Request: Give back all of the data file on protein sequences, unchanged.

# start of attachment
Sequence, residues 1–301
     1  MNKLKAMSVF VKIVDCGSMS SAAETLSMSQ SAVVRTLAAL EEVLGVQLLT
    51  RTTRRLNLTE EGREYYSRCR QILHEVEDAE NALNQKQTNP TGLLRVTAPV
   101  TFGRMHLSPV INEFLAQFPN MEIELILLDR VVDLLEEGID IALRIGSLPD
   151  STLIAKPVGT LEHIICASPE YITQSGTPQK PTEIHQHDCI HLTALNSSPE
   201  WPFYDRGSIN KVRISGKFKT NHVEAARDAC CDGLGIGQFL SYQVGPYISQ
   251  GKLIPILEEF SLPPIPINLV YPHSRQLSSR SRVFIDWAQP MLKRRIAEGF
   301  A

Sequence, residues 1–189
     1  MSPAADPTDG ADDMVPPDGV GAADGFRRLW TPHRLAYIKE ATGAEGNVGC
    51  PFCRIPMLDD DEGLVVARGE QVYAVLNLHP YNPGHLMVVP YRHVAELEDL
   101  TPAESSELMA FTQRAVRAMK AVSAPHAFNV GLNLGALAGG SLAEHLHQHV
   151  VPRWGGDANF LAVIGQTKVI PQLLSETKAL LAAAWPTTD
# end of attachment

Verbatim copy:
Sequence, residues 1–301
     1  MNKLKAMSVF VKIVDCGSMS SAAETLSMSQ SAVVRTLAAL EEVLGVQLLT
    51  RTTRRLNLTE EGREYYSRCR QILHEVEDAE NALNQKQTNP TGLLRVTAPV
   101  TFGRMHLSPV INEFLAQFPN MEIELILLDR VVDLLEEGID IALRIGSLPD
   151  STLIAKPVGT LEHIICASPE YITQSGTPQK PTEIHQHDCI HLTALNSSPE
   201  WPFYDRGSIN KVRISGKFKT NHVEAARDAC CDGLGIGQFL SYQVGPYISQ
   251  GKLIPILEEF SLPPIPINLV YPHSRQLSSR SRVFIDWAQP MLKRRIAEGF
   301  A

Sequence, residues 1–189
     1  MSPAADPTDG ADDMVPPDGV GAADGFRRLW TPHRLAYIKE ATGAEGNVGC
    51  PFCRIPMLDD DEGLVVARGE QVYAVLNLHP YNPGHLMVVP YRHVAELEDL
   101  TPAESSELMA FTQRAVRAMK AVSAPHAFNV GLNLGALAGG SLAEHLHQHV
   151  VPRWGGDANF LAVIGQTKVI PQLLSETKAL LAAAWPTTD